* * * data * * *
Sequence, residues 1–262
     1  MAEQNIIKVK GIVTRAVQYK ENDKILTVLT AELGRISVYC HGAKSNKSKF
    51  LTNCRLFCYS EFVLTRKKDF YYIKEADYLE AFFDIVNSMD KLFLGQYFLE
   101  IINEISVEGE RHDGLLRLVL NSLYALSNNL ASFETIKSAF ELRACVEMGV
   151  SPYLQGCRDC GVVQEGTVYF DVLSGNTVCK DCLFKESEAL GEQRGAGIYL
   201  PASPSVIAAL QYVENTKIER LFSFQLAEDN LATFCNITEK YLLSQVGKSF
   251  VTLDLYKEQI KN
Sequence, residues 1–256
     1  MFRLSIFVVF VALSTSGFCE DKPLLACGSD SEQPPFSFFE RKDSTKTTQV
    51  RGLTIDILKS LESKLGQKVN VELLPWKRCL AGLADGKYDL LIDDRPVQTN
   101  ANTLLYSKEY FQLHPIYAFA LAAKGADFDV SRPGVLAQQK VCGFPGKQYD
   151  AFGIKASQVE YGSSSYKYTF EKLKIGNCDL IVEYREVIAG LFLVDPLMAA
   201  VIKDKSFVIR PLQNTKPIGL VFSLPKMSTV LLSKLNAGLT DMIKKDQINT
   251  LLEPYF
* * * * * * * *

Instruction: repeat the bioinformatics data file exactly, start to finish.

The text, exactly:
Sequence, residues 1–262
     1  MAEQNIIKVK GIVTRAVQYK ENDKILTVLT AELGRISVYC HGAKSNKSKF
    51  LTNCRLFCYS EFVLTRKKDF YYIKEADYLE AFFDIVNSMD KLFLGQYFLE
   101  IINEISVEGE RHDGLLRLVL NSLYALSNNL ASFETIKSAF ELRACVEMGV
   151  SPYLQGCRDC GVVQEGTVYF DVLSGNTVCK DCLFKESEAL GEQRGAGIYL
   201  PASPSVIAAL QYVENTKIER LFSFQLAEDN LATFCNITEK YLLSQVGKSF
   251  VTLDLYKEQI KN
Sequence, residues 1–256
     1  MFRLSIFVVF VALSTSGFCE DKPLLACGSD SEQPPFSFFE RKDSTKTTQV
    51  RGLTIDILKS LESKLGQKVN VELLPWKRCL AGLADGKYDL LIDDRPVQTN
   101  ANTLLYSKEY FQLHPIYAFA LAAKGADFDV SRPGVLAQQK VCGFPGKQYD
   151  AFGIKASQVE YGSSSYKYTF EKLKIGNCDL IVEYREVIAG LFLVDPLMAA
   201  VIKDKSFVIR PLQNTKPIGL VFSLPKMSTV LLSKLNAGLT DMIKKDQINT
   251  LLEPYF